We've all heard of the "death rattle," the last gasp from a lost soul's lungs. Sometimes, we seem to hear it from the companies in which we invest.  Revenue dries up. Margins contract. Profits evaporate. All these signs suggest that a company's condition is worsening -- a financial death rattle, if you will.

Stocks in sickbay
Don't assume that all such companies are goners. Some will barely cling to life, while others make a full recovery. Nonetheless, here we're seeking companies that have all but given up the ghost.

For help, we'll turn to the clever coroners at our 105,000-strong Motley Fool CAPS community, where players give the thumbs-up or thumbs-down to more than 5,600 stocks. The first year of collecting data suggests that CAPS' highest-rated stocks performed best, while its lowest-rated companies fared worst. We've unearthed a handful of stocks that look like they might be headed six feet under, having recently dropped from two stars to the lowest one-star rating.

First we'll check out some quick tests for liquidity -- the current ratio and quick ratio (also called the "acid-test" ratio) -- which gives us an idea of a company's ability to pay its bills. A current ratio above 1.5 and a quick ratio north of 1.0 means a company is able to meet its short-term operating needs. But watch out! Too high a value might mean that it's hoarding assets that could be better used elsewhere.

We've also added the Altman Z-Score. In the 1960s, Edward Altman used statistical techniques to predict the likelihood of bankruptcy, based solely on five financial ratios. The New York State Society of CPAs has said the Z-Scores are the "tried-and-tested formula for bankruptcy prediction," but please note -- they're not designed to be used in every situation, and they do have some limitations.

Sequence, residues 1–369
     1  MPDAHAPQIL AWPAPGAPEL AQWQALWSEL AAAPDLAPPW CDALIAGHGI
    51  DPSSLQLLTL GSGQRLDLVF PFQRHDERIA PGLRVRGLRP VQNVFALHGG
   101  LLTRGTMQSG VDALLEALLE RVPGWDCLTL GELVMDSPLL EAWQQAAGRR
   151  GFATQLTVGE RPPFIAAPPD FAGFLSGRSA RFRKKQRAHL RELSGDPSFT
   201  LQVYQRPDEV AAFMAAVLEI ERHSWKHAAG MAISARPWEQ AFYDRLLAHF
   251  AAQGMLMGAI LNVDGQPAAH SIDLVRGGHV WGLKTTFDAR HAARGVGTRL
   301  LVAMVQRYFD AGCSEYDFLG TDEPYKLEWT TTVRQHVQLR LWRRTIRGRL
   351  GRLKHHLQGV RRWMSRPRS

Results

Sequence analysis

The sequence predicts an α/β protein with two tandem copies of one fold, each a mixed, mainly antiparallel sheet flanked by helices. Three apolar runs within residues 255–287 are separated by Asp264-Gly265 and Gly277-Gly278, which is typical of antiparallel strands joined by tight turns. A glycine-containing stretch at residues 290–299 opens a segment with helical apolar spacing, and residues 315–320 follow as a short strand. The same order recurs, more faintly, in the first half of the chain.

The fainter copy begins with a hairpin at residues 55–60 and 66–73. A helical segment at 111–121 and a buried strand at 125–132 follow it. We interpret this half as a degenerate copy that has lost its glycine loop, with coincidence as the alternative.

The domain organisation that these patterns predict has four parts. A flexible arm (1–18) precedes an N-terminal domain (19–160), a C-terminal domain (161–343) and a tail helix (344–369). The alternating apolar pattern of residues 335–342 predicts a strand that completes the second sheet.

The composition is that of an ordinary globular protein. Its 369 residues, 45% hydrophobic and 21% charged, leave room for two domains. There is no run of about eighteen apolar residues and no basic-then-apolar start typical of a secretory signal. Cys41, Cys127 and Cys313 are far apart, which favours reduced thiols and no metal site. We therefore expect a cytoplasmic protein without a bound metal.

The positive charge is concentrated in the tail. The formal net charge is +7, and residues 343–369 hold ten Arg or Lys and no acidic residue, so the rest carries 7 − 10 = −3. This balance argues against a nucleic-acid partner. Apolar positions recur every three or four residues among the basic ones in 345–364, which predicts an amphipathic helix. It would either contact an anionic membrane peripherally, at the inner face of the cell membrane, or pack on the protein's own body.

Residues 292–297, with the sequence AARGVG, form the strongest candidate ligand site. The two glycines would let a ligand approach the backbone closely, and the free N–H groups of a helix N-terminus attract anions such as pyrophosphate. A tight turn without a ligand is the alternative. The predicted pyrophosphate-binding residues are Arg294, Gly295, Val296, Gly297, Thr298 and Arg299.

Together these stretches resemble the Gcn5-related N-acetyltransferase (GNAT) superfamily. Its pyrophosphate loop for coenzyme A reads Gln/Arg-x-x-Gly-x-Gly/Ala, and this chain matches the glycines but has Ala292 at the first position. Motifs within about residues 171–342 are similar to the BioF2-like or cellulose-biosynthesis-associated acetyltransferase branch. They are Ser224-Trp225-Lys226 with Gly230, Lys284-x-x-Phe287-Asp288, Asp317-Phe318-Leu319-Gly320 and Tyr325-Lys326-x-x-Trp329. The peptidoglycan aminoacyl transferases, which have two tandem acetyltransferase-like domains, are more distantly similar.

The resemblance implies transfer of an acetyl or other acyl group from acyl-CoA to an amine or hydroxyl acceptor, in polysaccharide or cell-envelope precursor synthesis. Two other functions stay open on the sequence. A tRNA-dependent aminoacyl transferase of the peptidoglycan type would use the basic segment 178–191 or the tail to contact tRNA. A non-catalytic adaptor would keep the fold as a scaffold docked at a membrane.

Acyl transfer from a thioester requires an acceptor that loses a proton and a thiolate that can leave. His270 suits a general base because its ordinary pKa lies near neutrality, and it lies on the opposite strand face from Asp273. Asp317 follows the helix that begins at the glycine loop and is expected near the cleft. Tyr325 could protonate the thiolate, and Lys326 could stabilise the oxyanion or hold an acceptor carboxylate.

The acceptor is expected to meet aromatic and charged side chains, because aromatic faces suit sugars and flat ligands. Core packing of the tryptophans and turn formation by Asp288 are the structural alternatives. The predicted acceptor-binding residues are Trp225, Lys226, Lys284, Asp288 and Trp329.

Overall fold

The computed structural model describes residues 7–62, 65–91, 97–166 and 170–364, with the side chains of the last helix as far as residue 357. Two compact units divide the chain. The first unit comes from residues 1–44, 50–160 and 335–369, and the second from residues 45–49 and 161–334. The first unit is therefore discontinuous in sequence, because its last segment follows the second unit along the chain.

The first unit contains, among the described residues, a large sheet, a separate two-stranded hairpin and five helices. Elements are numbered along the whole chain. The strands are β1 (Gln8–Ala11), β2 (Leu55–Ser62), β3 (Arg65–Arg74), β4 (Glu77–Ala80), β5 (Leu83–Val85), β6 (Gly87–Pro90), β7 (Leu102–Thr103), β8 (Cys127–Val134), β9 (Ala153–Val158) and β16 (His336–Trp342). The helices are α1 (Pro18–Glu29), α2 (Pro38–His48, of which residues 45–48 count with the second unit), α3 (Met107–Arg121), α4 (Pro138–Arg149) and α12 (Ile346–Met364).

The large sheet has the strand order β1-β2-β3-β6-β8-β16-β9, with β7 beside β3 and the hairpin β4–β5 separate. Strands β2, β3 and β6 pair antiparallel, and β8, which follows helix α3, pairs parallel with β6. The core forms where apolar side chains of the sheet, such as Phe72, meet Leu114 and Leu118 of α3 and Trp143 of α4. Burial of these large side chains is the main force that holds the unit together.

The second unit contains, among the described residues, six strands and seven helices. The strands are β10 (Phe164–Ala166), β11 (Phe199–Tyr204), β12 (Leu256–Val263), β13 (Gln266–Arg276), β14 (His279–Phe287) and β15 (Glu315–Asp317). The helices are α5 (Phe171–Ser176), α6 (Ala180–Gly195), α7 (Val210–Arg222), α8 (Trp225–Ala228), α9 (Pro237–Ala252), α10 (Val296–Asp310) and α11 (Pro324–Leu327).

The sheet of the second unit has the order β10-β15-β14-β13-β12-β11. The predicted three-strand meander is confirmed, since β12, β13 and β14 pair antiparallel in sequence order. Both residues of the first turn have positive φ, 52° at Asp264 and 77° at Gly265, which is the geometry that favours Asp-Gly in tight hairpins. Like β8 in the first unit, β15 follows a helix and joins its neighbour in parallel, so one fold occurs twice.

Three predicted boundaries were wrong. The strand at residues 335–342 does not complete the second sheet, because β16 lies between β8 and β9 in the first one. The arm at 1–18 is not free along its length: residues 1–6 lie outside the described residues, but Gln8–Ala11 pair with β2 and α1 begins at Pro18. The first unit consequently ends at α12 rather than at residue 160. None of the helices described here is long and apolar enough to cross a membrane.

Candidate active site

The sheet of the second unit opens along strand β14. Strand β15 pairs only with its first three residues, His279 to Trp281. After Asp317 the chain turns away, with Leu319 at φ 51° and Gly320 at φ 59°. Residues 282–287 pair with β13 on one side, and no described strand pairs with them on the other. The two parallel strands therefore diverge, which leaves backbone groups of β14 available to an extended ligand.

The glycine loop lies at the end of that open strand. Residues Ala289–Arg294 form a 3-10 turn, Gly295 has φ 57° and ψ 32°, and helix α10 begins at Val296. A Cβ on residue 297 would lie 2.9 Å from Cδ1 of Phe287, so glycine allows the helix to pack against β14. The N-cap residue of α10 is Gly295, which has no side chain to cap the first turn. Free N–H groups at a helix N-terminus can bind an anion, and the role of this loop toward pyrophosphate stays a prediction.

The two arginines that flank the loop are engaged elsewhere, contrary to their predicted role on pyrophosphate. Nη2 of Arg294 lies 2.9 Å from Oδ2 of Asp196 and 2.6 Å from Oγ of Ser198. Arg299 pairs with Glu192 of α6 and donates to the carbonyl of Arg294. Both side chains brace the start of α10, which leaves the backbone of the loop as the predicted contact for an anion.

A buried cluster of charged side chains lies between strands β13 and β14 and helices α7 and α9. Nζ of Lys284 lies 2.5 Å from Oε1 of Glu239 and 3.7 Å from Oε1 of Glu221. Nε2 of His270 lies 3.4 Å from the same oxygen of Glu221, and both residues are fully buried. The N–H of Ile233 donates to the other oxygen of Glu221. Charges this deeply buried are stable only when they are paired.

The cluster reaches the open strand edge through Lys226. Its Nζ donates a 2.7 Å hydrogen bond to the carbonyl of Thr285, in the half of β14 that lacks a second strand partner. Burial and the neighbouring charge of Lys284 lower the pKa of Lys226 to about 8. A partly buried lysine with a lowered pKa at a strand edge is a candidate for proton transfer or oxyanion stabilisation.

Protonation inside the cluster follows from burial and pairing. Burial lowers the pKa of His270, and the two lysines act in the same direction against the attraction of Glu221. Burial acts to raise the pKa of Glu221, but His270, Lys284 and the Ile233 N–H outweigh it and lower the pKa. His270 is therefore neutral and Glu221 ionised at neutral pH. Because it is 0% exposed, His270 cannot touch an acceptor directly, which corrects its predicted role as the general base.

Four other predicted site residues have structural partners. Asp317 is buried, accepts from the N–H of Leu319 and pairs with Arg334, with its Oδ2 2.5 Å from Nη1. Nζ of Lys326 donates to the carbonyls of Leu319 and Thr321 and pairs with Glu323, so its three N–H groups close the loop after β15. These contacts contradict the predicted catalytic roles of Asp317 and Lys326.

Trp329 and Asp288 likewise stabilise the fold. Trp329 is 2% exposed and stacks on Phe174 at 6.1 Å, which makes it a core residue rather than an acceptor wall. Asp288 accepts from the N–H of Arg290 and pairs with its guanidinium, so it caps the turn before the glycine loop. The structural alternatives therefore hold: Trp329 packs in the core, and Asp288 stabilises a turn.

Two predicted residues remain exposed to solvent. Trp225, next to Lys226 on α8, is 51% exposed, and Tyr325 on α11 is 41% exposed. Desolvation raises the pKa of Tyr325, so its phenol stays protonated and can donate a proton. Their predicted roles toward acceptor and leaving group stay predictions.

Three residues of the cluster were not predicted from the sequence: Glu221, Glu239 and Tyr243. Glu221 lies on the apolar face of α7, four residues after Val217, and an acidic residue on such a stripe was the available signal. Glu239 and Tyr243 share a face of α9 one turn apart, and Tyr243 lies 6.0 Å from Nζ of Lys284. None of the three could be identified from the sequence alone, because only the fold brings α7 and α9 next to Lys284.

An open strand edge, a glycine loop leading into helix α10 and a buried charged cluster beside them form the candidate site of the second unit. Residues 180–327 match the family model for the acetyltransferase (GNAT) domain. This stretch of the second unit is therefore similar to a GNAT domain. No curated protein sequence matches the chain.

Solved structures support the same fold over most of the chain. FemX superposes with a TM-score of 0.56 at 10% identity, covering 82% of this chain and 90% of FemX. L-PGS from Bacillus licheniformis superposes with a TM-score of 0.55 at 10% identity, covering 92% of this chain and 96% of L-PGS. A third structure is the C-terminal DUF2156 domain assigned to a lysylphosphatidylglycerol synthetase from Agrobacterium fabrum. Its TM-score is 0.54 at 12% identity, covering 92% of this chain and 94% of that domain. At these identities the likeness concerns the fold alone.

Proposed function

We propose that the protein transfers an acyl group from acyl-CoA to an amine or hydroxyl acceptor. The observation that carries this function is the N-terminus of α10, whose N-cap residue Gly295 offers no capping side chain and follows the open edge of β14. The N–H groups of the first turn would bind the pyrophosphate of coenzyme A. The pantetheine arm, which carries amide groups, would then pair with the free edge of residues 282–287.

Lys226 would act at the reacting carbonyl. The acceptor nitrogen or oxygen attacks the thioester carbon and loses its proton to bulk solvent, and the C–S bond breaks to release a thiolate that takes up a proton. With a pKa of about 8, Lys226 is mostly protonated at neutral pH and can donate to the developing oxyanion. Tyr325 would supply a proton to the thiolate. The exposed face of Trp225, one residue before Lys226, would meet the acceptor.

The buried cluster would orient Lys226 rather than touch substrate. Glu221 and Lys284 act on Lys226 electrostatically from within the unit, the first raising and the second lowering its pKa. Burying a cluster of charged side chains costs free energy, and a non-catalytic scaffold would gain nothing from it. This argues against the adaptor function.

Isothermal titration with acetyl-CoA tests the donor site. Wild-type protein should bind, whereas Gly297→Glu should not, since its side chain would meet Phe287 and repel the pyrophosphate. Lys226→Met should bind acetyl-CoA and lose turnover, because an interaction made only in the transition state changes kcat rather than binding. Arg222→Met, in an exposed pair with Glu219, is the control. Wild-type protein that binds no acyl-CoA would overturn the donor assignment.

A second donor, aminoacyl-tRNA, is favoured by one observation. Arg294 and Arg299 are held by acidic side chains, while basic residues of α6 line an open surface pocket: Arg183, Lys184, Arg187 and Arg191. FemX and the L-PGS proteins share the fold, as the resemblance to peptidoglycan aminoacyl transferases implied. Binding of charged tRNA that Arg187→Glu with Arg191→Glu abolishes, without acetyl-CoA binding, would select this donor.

A company scoring 3.00 and above is considered safe; scores between 2.70 and 2.99 are in the "yellow flag" zone; scores between 1.80 and 2.70 mean the company has a good chance of going bankrupt within two years; and scores below 1.80 mean "Watch out below!"

Here's today's list. The question is, are these companies only mostly dead, or have they already given up the ghost?


Current Ratio

Acid-Test Ratio

Altman Z-Score

Charter Communications (NASDAQ:CHTR)




General Motors (NYSE:GM)








Las Vegas Sands (NYSE:LVS)




Pacific Ethanol (NASDAQ:PEIX)




Sources: Motley Fool CAPS; Capital IQ, a division of Standard & Poor's.

Looking at the names on the list, you might be tempted to think that some of these might need the ICU unit at most, rather than a cemetery plot. General Motors, however precarious its position, is still the top automaker, and it's implementing a plan to shore up its financial situation.

Moreover, not every type of company can be diagnosed by these quick tests: Financial institutions, for instance, typically don't get measured by such ratios. Even so, stocks that CAPS investors have marked down to one star are possibly destined to seriously underperform the market in the future.

Parade or funeral dirge?
The twin swords of rising corn prices and a glut of ethanol producers has cut Pacific Ethanol deeply in recent weeks. It needed to dip into a new round of financing, raising $34 million via a convertible preferred share offering, to keep itself going. Ethanol prices are up more than 50% over the past year, but corn has risen by 78%, and producers keep coming on the market.

Investors have had their fill of ethanol, and like most Congressional mandates, the idea of corn-to-ethanol suffers as a result of the Law of Unintended Consequences. Using food stock to make fuel drives up the costs of basic goods across many industries (including, oddly enough, energy, which is a major input into fertilizer production -- the law of supply and demand works here, too). As Stevegoldenfool notes, it won't assist our goal of finding appropriate alternative fuels:

We need our corn crop back for food consumption! Ethanol is definitely not the answer to our alternative energy needs. The answer lies in wind and solar but alas that does not apply to this ugly stock!

Rattling the cage
Are these companies doomed to drag their investors into an underworld of underperformance? Or will they recover to shine again? On Motley Fool CAPS, you have the power to tell your fellow investors just how you feel. Sign up today, absolutely free, and let us know whether you think the Grim Reaper's at the door.